There is another tradition: that of Aaron Copland in the 1930s when he said, “It seemed to me that composers were in danger of working in a vacuum… I felt it was worth the effort to see if I couldn’t say what I had to say in the simplest possible terms.” The tradition of Marc Blitzstein who protrayed artists in The Cradle Will Rock as the biggest corporate whores of all, of Hanns Eisler who broke away from Schoenberg to write worker’s choruses, of Cornelius Cardew’s Stockhausen Serves Imperialism, of Leo Tolstoy’s What Is Art? And it is the same tradition, though we didn’t articulate it as militantly, as the populist movement that surrounded the New Music America festivals of the 1980s; without getting terribly political about it in the left/right sense, we were excited that a large group of composers had returned from the arid wastelands of the serialist avant-garde to write music that audiences could find hip and exciting again. It is even the tradition of Steve Reich, who wrote in 1967 that “Obviously music should put all within listening range into a state of ecstasy.” Perhaps it’s populism’s tragedy that its two most eloquent apologists, Tolstoy and Cardew, wrote overly extreme, over-the-top books whose excesses are only too easy to refute. Nevertheless, phrases from those books stick in my head, unanswerable, forming part of my musical conscience. Despise me as you will, I compose with the audience in mind. 

But I am no extremist, in this or anything else. Put a gun to my head, and I’d say that populism and narcissism are two poles between which an artist should vacillate, satisfying now one, now the other, and that the psychologically effective strategy is not to get stuck permanently at either end. If I am a fascist for believing that there is any worthwhile alternative to narcissism, as a commenter called me, then Aaron Copland was Stalin himself. (And besides, the more historically resonant epithet to throw at me would have been “communist!,” which I would have accepted in better grace.) Just as I need not defend complex music, since only simple music comes under attack from the composing community, neither do I need to defend narcissism, which is the catholic church to which all composers subscribe except for a few of us outcast heretics. But I do defend, when the occasion arises, the opposite pole of populism. Some people take from this the uncharitable view that I am irrevocably opposed to selfishness and self-aggrandizement, when, really, it’s just that I think it’s probably not politic to wallow in them 24/7/365.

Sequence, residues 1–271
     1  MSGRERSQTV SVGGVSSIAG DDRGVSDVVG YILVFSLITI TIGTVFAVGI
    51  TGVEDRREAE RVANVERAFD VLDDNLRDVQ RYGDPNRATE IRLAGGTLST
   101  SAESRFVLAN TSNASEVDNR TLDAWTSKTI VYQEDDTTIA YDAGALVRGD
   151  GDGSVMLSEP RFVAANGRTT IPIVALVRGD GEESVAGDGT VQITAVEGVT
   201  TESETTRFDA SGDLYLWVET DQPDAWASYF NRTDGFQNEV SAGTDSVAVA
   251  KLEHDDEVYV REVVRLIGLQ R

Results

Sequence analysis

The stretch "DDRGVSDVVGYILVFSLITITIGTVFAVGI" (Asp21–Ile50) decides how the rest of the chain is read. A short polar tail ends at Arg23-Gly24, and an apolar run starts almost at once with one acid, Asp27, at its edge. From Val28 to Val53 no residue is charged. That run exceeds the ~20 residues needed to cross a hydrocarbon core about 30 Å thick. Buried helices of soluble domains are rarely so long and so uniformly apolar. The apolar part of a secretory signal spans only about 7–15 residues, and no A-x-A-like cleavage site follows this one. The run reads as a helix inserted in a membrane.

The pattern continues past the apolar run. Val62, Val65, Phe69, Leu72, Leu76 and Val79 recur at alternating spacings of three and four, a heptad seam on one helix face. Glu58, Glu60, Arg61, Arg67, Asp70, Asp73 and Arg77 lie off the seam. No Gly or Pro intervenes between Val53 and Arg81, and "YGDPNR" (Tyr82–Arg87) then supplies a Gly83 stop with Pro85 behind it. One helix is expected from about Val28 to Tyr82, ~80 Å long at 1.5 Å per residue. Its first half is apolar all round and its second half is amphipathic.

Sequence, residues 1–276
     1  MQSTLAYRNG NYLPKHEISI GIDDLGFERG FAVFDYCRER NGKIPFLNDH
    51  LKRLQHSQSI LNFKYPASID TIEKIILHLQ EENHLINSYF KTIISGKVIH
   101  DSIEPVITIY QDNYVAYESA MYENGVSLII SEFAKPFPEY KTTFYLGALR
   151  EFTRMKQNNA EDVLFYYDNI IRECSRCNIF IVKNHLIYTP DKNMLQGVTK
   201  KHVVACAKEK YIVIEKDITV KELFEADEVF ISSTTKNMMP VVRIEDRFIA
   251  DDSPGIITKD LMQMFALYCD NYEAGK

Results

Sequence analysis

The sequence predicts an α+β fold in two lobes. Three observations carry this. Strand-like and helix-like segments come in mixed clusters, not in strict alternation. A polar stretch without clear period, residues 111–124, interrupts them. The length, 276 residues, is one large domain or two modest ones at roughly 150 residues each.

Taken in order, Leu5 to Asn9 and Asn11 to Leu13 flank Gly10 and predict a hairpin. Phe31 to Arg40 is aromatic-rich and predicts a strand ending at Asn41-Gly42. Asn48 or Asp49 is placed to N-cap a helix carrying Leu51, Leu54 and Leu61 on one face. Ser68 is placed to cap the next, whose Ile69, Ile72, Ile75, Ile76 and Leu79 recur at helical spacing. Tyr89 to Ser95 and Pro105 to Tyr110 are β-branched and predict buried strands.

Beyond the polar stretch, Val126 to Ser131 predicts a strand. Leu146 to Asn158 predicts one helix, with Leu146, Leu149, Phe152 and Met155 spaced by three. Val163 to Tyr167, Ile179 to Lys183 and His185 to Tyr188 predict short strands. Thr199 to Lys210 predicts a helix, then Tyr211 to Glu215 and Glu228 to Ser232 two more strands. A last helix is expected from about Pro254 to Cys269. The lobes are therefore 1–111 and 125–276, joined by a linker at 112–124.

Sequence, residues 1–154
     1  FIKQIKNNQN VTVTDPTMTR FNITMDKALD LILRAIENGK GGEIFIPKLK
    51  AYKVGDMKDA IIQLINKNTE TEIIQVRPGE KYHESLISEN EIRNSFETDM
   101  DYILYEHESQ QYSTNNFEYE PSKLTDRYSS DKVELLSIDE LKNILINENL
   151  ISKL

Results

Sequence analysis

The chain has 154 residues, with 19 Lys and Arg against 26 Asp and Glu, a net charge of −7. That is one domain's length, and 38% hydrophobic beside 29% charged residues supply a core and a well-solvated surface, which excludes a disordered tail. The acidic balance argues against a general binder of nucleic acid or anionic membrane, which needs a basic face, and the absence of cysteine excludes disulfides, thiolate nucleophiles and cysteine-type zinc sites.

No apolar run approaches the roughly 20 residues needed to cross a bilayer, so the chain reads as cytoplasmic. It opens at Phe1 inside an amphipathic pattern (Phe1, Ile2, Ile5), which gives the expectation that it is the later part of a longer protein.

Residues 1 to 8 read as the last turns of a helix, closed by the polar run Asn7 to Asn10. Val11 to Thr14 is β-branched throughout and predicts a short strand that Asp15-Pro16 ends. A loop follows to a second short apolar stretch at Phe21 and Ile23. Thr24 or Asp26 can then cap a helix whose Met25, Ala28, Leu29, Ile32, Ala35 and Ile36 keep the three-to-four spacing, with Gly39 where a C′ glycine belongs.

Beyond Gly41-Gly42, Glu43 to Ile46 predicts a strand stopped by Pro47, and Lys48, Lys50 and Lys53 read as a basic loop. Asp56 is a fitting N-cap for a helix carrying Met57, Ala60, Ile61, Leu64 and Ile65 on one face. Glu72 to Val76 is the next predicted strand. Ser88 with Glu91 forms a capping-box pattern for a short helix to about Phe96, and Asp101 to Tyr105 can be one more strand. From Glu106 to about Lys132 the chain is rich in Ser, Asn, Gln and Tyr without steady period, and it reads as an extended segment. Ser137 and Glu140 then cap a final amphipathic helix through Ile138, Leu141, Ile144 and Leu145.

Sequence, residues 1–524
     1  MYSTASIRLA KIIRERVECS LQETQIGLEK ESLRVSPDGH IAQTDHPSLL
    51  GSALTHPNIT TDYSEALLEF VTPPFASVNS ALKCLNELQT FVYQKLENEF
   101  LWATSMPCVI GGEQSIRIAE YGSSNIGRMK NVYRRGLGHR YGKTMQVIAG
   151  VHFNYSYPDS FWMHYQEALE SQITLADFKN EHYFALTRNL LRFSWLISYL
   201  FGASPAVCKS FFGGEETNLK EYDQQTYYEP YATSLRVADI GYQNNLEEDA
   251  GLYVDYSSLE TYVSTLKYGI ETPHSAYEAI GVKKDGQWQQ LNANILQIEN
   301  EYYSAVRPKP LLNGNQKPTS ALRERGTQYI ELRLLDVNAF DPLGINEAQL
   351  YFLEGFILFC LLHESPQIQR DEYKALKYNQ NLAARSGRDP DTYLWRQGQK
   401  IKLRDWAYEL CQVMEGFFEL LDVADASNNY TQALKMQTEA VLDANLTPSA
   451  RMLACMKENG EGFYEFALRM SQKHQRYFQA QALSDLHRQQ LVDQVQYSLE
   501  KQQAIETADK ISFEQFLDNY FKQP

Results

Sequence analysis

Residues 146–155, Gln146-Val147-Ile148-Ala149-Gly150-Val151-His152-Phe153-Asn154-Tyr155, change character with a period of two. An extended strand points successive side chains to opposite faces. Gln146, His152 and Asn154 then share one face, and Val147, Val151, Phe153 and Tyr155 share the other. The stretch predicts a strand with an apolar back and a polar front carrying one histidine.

If you disagree with me, as chances are you do, I need not hear from you about it. To violently disagree with me on this issue is to be a walking cliché, a stock character: a composer who writes only to please himself. There are 40,000 of you out there at last count. I know exactly what you think, and need no reminder. You will never experience the grace with which Shakespeare could address the audience through the mouth of Prospero, who closes The Tempest by saying,

Gentle breath of yours my sails
Must fill, or else my project fails,
Which was to please.